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Brier Dudley offers a critical look at technology and business issues affecting the Northwest.

October 4, 2010 at 1:12 PM

Goldman to Microsoft: Do more with less, sharpen the axe

The Goldman Sachs research note slamming Microsoft – and tech stocks in general today – isn’t just ripping the Redmond company’s mobile efforts.

Goldman’s saying the future of its Windows franchise is a concern. It also wants Microsoft to give more of its cash directly to its investor clients.

Just a few weeks after Microsoft raised its dividend 23 percent – and after a crazy streak returning a historic $148 billion to investors since 2002 – Goldman’s saying Microsoft needs to go further.

Goldman wants Microsoft to get attention by giving back $10.5 billion next year, or about half of the free cash it’s expected to generate in the 2011 fiscal year.

“This level would provide an attractive return in a low-yield environment and potentially attract a new investor base,” the report said.

Goldman downgraded Microsoft to neutral from buy and cut its target for the stock from $32 to $28. It closed down 2 percent, at $23.91 today.

It’s like the firm’s trying to milk a dying cow.

It said Microsoft’s stock has been affected partly by investment funds that “have broadly flown out of equities and into bonds this year,” and sold off shares to invest in hot category leaders like Apple and F5 Networks.

Corporate tech buyers are also being more cautious and pushing back some upgrade plans.

Still, Goldman seems to have soured on prospects for Microsoft’s business based largely on concerns about Apple and Google carving up the Windows PC franchise. This call is being made before Apple reports its first year of iPad sales and Android tablets begin shipping.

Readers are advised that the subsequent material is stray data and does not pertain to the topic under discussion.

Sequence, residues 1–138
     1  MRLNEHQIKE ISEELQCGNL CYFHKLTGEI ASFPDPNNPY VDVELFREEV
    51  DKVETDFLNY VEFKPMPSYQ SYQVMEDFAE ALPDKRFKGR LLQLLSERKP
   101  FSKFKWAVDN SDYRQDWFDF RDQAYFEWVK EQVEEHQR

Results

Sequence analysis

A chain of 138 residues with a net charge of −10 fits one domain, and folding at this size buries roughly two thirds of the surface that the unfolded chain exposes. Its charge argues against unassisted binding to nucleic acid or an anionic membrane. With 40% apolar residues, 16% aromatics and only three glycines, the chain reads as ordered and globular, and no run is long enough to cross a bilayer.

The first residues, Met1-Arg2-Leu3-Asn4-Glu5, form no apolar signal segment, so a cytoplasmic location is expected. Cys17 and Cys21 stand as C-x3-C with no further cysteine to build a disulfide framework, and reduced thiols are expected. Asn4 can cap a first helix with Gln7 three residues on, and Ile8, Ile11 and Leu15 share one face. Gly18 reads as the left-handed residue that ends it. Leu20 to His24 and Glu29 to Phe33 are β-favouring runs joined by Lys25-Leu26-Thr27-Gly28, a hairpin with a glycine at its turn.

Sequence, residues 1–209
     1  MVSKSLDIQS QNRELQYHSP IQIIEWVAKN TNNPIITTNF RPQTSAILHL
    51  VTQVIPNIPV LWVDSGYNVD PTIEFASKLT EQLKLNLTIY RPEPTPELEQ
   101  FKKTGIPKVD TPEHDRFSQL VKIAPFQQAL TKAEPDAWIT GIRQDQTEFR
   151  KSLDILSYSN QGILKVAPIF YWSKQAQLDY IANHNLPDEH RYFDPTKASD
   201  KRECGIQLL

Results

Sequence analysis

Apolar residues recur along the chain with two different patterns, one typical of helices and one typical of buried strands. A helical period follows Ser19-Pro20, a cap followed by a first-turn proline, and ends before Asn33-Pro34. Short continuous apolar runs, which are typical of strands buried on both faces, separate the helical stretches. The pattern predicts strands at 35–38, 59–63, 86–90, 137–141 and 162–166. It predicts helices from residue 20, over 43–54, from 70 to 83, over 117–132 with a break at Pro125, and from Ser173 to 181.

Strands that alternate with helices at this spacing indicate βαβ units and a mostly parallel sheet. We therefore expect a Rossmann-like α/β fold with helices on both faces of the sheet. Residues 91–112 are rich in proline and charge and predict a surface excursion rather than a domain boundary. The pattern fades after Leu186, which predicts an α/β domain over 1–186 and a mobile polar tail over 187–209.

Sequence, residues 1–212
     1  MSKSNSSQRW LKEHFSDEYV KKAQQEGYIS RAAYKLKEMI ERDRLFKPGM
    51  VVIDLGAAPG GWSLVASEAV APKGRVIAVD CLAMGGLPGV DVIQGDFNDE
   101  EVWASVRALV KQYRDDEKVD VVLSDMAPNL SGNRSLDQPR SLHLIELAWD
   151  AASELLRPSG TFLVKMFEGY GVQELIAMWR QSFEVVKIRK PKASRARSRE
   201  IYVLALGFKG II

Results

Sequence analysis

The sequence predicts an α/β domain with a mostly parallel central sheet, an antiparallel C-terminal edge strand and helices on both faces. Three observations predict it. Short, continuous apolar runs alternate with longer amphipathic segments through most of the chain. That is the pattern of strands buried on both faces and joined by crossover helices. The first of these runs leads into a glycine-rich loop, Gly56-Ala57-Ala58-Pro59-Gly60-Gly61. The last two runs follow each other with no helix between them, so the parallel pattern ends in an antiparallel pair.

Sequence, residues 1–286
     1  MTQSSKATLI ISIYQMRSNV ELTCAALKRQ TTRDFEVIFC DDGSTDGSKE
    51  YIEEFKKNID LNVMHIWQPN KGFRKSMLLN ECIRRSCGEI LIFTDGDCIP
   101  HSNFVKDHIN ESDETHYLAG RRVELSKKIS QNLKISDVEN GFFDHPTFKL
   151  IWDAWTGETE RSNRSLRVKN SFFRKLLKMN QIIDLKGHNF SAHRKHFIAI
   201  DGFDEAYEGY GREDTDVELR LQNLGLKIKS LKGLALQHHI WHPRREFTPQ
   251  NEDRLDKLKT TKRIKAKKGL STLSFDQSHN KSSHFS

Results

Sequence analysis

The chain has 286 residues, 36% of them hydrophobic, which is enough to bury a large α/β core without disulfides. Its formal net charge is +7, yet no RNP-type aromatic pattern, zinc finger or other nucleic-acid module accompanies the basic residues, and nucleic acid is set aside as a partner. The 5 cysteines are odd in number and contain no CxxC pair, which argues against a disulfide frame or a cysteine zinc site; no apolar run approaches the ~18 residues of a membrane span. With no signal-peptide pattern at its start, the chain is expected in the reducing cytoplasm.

Goldman said sales of the iPad and other tablets won’t have much effect on Microsoft next year – maybe 3 percent of Windows revenue – but “longer-term concerns” about Apple and Google “have clearly” affected sentiment about Microsoft’s stock.

The firm suggested Microsoft needs to break-up its consumer business or lay off a bunch of its employees (create more shareholder value “by meaningfully stepping up cost discipline,” it said).

At the same time, Goldman says Microsoft has to hurry up and get a Windows tablet on the market, step up its cloud computing game, improve Xbox profitability and make sure the Windows Phone 7 rollout is a success.

Absolutely, get cracking. Microsoft needs to do something to get those businesses going. It’s getting embarrassing – and scary for the Puget Sound region that’s counting on Microsoft to get past the iPad and Android.

But to do those things, maybe the company should invest more of its cash in growing its business, instead of throwing it over the stern as a dividend, hoping to attract fish that otherwise don’t care about what it’s doing.

Microsoft has done what Goldman asks before and didn’t get more than nibbles. It grabbed attention by giving back more cash to investors than any company in history since 2002 and look what it’s done for the stock.

Instead of dumping or slashing emerging businesses, why not invest more in mobile devices, the cloud and gaming and start “betting the company” again?

If Microsoft wants to lead the mobile market overnight, it has the cash and credit to buy Research in Motion, which has a market cap of $26 billion. It could also buy the world’s biggest phone company, Nokia, for $38 billion, without breaking much sweat.

You’d think Goldman – the firm that took Microsoft public – would rather see those deals happen.

Comments | Topics: goldman sachs, Microsoft, tech stocks

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